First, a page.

10 Cities Where More Than 60% of Americans Can't Afford to Buy Homes

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Homeownership has long been the American Dream, but if you live in a major city, it may not be all that attainable. GOBankingRates recently did a study on home affordability and found that in several notable cities, homeownership is pretty much out of reach for more than 60% of households.

So what makes a home affordable? It's long been said that regardless of income level, your housing costs shouldn't exceed 30% of your net income (meaning, the amount you take home in your paychecks). However, there's some debate as to what that 30% figure should entail. Some financial experts will tell you that that 30% refers to a mortgage payment alone, while others will insist that it ought to cover annual property taxes and homeowners' insurance as well.

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And then there are outliers, such as myself, who firmly believe that that 30% threshold should include a mortgage payment, property taxes, insurance, and predictable maintenance. What does predictable maintenance mean? In a nutshell, it's the stuff you know is coming when you buy a home -- things like gutter cleanings, heating system maintenance, and lawn care. It doesn't include things like your air conditioner completely malfunctioning or your water heater springing a major leak. Those are unfortunate possibilities, but they're certainly not run-of-the-mill.

Incorporating typical maintenance into that 30% calculation will give you more wiggle room in your budget for unknown expenses. If you're the type who likes to play it safe with your finances, then do yourself a favor and follow this more conservative guideline. Otherwise, at the very least, go with the middle ground -- that your personal 30% limit encompass not just your mortgage, but your property taxes and homeowners' insurance as well. Interestingly, GOBankingRates defines "affordable" as having a mortgage payment that doesn't exceed 30% of one's income, so if you're the risk-averse type, take the data you're about to see with a slightly larger grain of salt.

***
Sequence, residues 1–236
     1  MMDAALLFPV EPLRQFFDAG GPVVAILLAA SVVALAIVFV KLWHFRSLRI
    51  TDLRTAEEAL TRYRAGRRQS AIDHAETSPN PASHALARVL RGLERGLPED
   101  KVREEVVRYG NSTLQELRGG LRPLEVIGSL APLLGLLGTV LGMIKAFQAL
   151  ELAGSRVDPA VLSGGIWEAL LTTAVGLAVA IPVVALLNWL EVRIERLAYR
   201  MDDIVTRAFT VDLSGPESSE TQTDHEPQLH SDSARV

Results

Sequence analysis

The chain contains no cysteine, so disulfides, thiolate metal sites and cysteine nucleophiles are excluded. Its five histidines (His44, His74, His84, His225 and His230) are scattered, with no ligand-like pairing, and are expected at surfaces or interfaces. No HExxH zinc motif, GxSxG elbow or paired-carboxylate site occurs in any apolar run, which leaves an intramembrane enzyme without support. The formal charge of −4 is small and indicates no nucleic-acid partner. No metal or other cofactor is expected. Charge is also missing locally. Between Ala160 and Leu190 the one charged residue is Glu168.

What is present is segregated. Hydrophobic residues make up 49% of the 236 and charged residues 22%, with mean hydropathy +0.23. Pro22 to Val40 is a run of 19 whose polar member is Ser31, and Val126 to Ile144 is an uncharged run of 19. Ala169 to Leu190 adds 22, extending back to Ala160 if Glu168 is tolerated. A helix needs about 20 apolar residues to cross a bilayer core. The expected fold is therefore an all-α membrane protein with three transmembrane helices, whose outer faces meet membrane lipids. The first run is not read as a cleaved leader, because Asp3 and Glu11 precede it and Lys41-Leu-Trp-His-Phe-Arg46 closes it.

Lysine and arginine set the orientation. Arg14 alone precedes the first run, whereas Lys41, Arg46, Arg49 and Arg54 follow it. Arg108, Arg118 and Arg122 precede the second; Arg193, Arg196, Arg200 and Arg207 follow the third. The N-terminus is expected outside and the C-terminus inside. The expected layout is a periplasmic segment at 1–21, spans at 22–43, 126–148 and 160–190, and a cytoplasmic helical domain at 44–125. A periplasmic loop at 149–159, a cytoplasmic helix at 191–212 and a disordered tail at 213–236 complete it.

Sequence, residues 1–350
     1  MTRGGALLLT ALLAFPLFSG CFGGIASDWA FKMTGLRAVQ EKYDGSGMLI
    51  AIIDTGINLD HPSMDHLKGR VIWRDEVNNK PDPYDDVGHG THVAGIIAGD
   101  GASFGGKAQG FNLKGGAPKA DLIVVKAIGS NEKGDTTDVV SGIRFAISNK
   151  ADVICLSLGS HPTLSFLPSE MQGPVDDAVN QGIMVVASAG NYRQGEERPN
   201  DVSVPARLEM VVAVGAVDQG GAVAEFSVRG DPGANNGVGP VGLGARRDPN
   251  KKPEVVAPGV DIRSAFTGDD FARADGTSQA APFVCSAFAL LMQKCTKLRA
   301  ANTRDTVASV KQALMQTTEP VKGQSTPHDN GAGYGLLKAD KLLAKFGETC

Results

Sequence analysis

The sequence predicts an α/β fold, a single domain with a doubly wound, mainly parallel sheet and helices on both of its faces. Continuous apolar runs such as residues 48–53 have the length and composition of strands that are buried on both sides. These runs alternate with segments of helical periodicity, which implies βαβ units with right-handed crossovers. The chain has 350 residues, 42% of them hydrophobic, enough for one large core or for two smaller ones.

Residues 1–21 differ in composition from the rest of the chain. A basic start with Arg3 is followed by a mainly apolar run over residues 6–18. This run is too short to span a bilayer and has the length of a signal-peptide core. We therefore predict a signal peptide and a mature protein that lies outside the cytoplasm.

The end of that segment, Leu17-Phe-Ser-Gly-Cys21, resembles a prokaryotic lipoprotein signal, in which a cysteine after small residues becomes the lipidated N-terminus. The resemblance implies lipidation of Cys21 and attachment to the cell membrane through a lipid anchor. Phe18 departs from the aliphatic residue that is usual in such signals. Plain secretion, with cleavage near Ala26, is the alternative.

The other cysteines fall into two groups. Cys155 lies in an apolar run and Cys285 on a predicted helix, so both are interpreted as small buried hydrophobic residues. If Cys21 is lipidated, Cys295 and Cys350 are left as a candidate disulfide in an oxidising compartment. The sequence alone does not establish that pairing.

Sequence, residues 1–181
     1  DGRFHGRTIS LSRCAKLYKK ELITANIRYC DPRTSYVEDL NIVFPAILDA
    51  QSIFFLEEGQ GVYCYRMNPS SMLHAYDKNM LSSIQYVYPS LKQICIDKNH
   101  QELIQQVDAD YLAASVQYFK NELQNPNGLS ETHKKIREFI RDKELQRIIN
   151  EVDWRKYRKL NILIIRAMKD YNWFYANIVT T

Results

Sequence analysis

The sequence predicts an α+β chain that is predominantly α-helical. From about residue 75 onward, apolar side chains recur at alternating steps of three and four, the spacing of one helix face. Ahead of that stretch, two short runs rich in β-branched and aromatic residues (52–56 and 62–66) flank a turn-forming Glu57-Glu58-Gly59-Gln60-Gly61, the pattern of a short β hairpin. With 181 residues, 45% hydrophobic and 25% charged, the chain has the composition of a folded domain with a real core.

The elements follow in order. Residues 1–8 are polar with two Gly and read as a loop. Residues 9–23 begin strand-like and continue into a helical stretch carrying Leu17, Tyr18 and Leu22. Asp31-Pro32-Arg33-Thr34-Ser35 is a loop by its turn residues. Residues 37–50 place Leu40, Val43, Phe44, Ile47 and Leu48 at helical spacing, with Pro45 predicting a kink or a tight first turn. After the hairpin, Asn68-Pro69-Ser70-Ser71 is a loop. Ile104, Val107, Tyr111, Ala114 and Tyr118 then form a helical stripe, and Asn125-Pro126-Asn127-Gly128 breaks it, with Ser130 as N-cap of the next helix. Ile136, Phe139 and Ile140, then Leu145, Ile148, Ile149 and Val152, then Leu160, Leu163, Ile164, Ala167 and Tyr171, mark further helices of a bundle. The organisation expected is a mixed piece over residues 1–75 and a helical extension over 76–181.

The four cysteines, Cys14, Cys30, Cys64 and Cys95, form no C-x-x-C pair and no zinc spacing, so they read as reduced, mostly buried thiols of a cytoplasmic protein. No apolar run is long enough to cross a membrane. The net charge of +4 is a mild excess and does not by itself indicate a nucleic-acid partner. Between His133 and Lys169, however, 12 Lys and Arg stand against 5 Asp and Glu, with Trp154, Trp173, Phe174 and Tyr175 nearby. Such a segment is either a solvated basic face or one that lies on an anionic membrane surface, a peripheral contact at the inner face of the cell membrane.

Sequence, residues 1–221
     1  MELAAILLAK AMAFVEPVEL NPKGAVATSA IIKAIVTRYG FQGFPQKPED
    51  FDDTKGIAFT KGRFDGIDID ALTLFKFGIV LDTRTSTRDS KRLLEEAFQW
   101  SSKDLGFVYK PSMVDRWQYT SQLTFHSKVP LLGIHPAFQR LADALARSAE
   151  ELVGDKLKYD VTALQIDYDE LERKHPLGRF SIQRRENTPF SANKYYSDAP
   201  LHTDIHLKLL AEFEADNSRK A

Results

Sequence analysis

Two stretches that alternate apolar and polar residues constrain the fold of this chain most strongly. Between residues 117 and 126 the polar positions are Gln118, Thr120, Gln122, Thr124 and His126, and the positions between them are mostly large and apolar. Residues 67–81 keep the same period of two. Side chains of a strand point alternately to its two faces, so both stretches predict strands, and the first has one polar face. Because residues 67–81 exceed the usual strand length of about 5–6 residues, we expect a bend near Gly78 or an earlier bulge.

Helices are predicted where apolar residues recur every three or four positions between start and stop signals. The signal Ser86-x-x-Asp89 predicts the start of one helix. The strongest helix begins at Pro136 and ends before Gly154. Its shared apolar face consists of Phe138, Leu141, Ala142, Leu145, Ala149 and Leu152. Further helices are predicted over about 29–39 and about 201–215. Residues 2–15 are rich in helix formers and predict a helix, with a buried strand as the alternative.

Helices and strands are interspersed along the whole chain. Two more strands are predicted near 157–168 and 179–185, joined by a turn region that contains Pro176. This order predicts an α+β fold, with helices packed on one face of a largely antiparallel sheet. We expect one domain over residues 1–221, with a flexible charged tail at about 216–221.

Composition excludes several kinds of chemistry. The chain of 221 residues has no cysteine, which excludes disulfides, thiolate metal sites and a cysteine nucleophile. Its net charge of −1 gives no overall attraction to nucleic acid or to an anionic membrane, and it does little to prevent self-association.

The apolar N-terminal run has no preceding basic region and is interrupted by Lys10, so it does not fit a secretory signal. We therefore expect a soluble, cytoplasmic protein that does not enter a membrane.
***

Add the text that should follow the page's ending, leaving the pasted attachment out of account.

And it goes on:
Where Americans can't afford to buy

Now that we've established what it means for a home to be considered affordable or not, let's see where you'll need to earn a small fortune to swing a mortgage payment. The following table represents the 10 least affordable cities from a buyer perspective:

City

Median Home Price

Percentage of Households That Can't Afford to Buy

San Francisco, CA

$1,199,000

76.7%

Boston, MA

$725,000

75.7%

Miami, FL

$450,000

74.3%

Long Beach, CA

$549,900

73.5%

Los Angeles, CA

$749,000

72.9%

New York, NY

$859,000

71%

San Jose, CA

$880,703

67.8%

San Diego, CA

$659,000

65.9%

Oakland, CA

$605,000

65.7%

New Orleans, LA

$300,000

65.4%

Of course, in many of the above cities, you'll find that the median income is considerably higher than the country's average. But that doesn't always translate into home affordability. San Francisco, for instance, has a median household income of $103,801, but to comfortably cover the mortgage associated with the median home listing, you'd need an income of $200,080.

Tax changes don't help things

While you do need a certain income to cover a hefty mortgage payment and its associated costs, there are a number of key tax breaks designed to make homeownership more affordable. Unfortunately, recent changes to the tax code have made those breaks less lucrative.

Let's start with the mortgage interest deduction, which can be particularly valuable in the early stages of a mortgage, when you're paying more in interest and less in principal. It used to be the case that you could write off the interest on mortgages worth up to $1 million, but under the new laws, that limit is capped at $750,000. This means that if you're looking for a home in San Francisco, New York, or San Jose, you may be out of luck, as the median prices in those areas exceed that $750,000 threshold.

Then there's the property tax deduction, which is part of the SALT, or state and local tax, deduction. This deduction was a boon to homeowners in expensive parts of the country because it was previously limitless. But under the new laws, the SALT deduction maxes out at $10,000, which means that depending on where you live, you may not manage to write off your property taxes in full. Incidentally, some of the above cities have relatively low tax rates, but as you can see, their home prices more than make up for it.

So where does this leave you? If you're looking to buy in one of these pricey cities, or a similarly expensive one, be honest with yourself about what you can comfortably afford. Otherwise, you risk compromising your financial security by getting in over your head. And frankly, that's not a risk worth taking.

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